How about the “subscribe to comments” plugin? ;)

  2. I can’t help the feeling that Shale is a plant from Crowdspring. His logic is so flawed and biased, he appears inauthentic. Kudos to Steve for his eloquent response.

  3. Now, I have to say, I am not a real “graphics designer”. I do a bit of design, but nothing too seriously, and I’d certainly never pursue any type of serious work in it.

    However, I think that you’re simply going to fail protesting about (though I do think whining is more appropriate a term) Crowdsourcing. The fact is, designers are always going to be willing to take part in it, even if it is not in their best interests. Unless you’re going to try to create some sort of designer’s union (good luck getting people in China and India to join), you can’t change that.

    And as long as designers take part, it will exist. To a buyer, it offers a far greater value – at least from their point of view – than any other method that exists. For the price of a single designer making a single design, you can get hundreds, and they’ll have to make the changes you want.

    And as for who is more worthy of giving advice, buyers simply aren’t going to ever care about what a designer thinks. And in my opinion, that is actually a good thing. You work for them, not the other way around. As a programmer, I don’t get to go to the person I work for and tell them their program has to be done differently; short of the impossible, I’m expected to do as told. That is what I am paid for. If I want to create a program completely how I want it, that’s something which I have free time for.

    You can’t force designers to not take part, you can’t compete with the age-old model of “the customer is always right”, and you definitely can’t do it this way. Complaining is not going to solve the problem; it is just going to make buyers look down upon designers as a whole. That will have the opposite effect of what you want.

    What would I suggest? Change your business model. To what? No idea, but defending the old one is a fight to the bottom. The RIAA and MPAA have money, politicians, and general public opinion behind them, and they cannot protect their failing business model. Why do you think you can protect yours?

  4. There’s another one out there. They contacted us through our Request a Quote form. Turns out it’s another crowdsource start up.

    (link removed…)

    I don’t like to give miscreants any linky love but I wanted the No-Spec community to be aware of yet another one.

    I wrote back to my contact at prova and shared the No-Spec link with him but I doubt he or his firm will be swayed.

  5. Young designers,

    Get into this trap due to not having
    the knowledge of their rights
    I myself only realized this after comming to this website
    Yes, I was conned by someone in a contest I won in a famous “Crowdsourcing” contest. He still has not paid me when The company
    (crowdsourcing company) asked him to pay. he simply said he will file a case against them for harrasment.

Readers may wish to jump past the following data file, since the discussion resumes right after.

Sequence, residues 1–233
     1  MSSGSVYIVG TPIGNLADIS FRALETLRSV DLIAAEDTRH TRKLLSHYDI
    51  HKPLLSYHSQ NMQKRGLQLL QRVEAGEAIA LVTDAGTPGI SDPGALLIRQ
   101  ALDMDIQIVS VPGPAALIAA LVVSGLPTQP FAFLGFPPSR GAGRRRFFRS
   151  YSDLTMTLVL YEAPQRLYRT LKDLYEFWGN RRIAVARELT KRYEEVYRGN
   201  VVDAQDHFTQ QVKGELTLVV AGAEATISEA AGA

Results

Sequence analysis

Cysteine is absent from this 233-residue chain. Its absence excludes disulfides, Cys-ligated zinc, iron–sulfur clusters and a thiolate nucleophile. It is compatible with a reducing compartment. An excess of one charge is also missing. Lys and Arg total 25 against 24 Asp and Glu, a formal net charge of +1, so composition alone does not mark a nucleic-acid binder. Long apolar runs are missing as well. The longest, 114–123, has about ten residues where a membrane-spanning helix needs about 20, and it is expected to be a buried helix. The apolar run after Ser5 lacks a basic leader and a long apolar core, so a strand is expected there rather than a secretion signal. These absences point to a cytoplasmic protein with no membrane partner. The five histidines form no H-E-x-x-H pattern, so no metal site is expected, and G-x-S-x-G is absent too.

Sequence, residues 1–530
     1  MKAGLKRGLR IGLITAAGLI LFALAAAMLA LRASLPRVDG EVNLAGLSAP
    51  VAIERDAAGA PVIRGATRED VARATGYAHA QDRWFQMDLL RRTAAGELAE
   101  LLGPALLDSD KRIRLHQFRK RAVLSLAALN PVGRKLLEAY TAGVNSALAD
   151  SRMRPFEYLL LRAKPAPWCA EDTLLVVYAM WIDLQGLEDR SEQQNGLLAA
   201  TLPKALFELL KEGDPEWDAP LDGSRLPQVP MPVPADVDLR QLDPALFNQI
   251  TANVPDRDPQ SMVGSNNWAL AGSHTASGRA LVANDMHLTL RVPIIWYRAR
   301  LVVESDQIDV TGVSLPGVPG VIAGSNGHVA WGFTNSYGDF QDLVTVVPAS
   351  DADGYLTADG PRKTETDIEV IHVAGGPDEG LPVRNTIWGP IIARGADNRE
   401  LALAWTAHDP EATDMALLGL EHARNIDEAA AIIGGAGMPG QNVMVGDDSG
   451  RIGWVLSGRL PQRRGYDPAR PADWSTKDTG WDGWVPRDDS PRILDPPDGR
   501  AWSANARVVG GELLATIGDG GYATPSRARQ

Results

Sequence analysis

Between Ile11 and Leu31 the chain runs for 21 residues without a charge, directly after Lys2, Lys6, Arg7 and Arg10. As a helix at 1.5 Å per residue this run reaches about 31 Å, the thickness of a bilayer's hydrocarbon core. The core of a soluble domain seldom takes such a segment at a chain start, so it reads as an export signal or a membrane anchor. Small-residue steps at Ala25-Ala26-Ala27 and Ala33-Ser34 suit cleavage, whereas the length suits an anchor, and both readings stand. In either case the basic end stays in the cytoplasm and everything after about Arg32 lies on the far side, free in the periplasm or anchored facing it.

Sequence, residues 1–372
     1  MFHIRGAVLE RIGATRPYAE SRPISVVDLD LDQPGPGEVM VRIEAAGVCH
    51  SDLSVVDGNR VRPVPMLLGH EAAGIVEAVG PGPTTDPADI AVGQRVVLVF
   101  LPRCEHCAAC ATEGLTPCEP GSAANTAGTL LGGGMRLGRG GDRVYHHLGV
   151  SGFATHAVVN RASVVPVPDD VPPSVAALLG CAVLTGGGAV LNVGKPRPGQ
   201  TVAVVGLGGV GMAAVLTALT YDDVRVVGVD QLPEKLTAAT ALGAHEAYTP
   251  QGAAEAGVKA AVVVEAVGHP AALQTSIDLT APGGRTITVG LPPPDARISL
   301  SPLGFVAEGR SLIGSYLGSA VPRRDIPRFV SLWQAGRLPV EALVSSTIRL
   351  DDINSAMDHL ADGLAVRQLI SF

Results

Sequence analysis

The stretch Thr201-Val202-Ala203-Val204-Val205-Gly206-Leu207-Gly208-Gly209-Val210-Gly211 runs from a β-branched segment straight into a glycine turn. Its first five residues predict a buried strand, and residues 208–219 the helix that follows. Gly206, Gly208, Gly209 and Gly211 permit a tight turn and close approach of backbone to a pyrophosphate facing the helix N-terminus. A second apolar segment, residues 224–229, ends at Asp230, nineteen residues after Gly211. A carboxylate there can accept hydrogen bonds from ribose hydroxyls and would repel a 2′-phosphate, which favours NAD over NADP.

Now I will never do work for Free

  6. you have no “rights”
    And EVERYTHING is Spec work until you get fully paid for it.
    Taking a bath, shower, talking to prospective customers, working on your Portfolio site/resume – SPEC work (you can call it that, or you can call it INVESTING) like all investments its not THAT you invest at all, but HOW and what your expectations are AND TOLERANCE OF RISK. Many times, I find that responding to a proposal involves doing serious analysis, design and documentation which, due to the terms of the RFP, are subject to non-disclosure and technically, they can use the proprietary information I include in my proposal to do something else.

    What if you arent employed? wouldnt doing SOMETHING be better than NOTHING? and “crowd sourcing” in some form or another IS the way thinks are going :( There is a new sort of skill set now growing in demand.
    The “Job/spec splitter” – that is, an individual who can talk a job specification and split it in to multiple, perhaps seemingly unrelated elements – elements in a size and scope for crowdsourcing and the like. These individuals are also tasked with developing the protocols to coordinate a project during this crowd-dev and reassemble the bits.

  7. I have submitted a few designs to contests on-line, but I am not a designer and never will be. I also don’t think I will ever win. I simply use them to encourage me to learn how to use more of my computers software so that I can teach my kids when they get a little older. If I was a professional designer I would never submit a project for free.

    I doubt you could ever stop these kinds of contests so your best bet is to try to get professionals to boycott them while checking out the enteries to look for copyright violation. That will be the only thing that will shut one down is a copyright violation lawsuit that cost someone a bunch of cash. Thats how they shut down napster.

    If you are a professional working on these things, you should be working on you business because it will pay off much more in the end.

Leave a Reply

Your email address will not be published. Required fields are marked *